As we mentioned in Fizz this morning, U.S. Army Corps of Engineers Regulatory Program Acting Chief Jennifer Moyer outraged and disappointed environmentalists when she said, in testimony before the U.S. House subcommittee on energy and power, that the Corps did not plan to do a comprehensive environmental study of the impact of transporting millions of tons of coal from Wyoming to West Coast ports on their way to China—something environmentalists and Democrats in Washington state, including Gov. Jay Inslee and Seattle Mayor Mike McGinn, have been demanding.
McGinn, along with Climate Solutions director KC Golden, testified before the energy subcommittee in D.C. this morning. In his testimony (as written), McGinn argued that coal train traffic would "clog our railroads, ports, and roads, risk our families’ health, pollute our air and water, hurt local economies and contribute to climate change," McGinn said, "We need an area-wide Environmental Impact Statement to evaluate the local, regional and global impacts of coal export."
That's exactly what the Corps is saying they are unwilling to do. Instead, Moyer said, the Corps would do individual evaluations of each proposed coal terminal without considering their larger environmental impacts.
"The potential change in rail traffic patterns is beyond the control and expertise of the Corps, and requires no involvement from the Corps," Moyer said. "Similarly, the possible future shipment of coal by oceangoing vessels across the Pacific Ocean beyond the limits of U.S. navigable waters, and the possible future off-loading, distribution, and burning of coal in Asia are attenuated and far removed from the activities regulated by the Corps at any of the three shipping facilities. ...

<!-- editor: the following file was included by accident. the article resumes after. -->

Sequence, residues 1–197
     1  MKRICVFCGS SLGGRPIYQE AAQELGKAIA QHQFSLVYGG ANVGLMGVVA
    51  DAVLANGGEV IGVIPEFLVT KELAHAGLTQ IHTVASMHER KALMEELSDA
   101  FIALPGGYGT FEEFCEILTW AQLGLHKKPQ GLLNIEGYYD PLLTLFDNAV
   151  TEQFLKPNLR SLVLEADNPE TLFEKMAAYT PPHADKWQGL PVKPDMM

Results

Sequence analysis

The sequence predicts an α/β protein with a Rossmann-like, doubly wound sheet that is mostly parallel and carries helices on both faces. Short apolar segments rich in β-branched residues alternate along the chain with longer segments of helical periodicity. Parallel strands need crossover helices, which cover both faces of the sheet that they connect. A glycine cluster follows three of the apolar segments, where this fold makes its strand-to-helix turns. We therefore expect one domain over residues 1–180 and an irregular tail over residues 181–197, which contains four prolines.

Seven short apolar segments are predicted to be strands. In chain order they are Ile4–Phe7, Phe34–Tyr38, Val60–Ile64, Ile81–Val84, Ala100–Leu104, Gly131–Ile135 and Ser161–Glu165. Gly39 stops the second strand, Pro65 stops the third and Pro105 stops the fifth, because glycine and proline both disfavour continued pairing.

"The Corps has determined that neither a Programmatic nor an area-wide/regional [environmental impact statement] are appropriate when considering the proposed permits."
Translation: The Corps does not believe it needs to do a thorough environmental review of the controversial coal-train proposal.
After his testimony, McGinn fielded a barrage of questions from West Virginia Republican David McKinley (R-1, WV), who set the tone by demanding that McGinn explain why he claimed the coal-train project would benefit from "subsidies."
(McGinn was referring to the fact that local, state, and federal taxpayers pay for improvements to freight mobility, local traffic and economic mitigation, and other community impacts; in addition, the federal government owns much of the mining operations that are the source of the coal in question.)
"I've got a copy of the report, and I haven’t found the word 'subsidy' at all—can you show me where I’d find the word subsidy at all?" McKinley asked, before quickly cutting McGinn off. "There's no subsidy. You know that!"
McGinn wouldn't be bullied in the next round of questioning, though. Rep. McKinley said McGinn's initial testimony "sent a shiver up my spine" when he said we should "keep our coal in the ground where it belongs."
"Did you really mean that?" McKinley asked, feigning incredulity.
"Yes, I did," McGinn responded.
"You believe America should not be mining coal."
"The difference is that we have taken huge quantities of fossil fuels from the earth with potentially devastating impacts for our future—"
At that point, the conversation dissolved into nonsense, with McKinley avowing doubt about whether climate change is "caused by man" and lecturing McGinn on Seattle's supposed status as a more violent city than 94 percent of the cities in the country. "That's not true—" McGinn said, before again being cut off. Given the power imbalance between a public commenter from out of town and a pro-coal-train Congressman obviously intent on making speeches, though, McGinn more than held his own.
In a statement this morning, Beyond Coal spokeswoman Cesia Kearns said, “It is a mistake for the Army Corps to leave us all in the dark about the real-life impacts coal export would cause across the West. But if the Corps won’t undertake an area-wide review, we certainly expect them to follow the law, and for our state leaders and agencies to step up and for them all to do a full and thorough review of the all impacts at each of the proposed coal export terminals."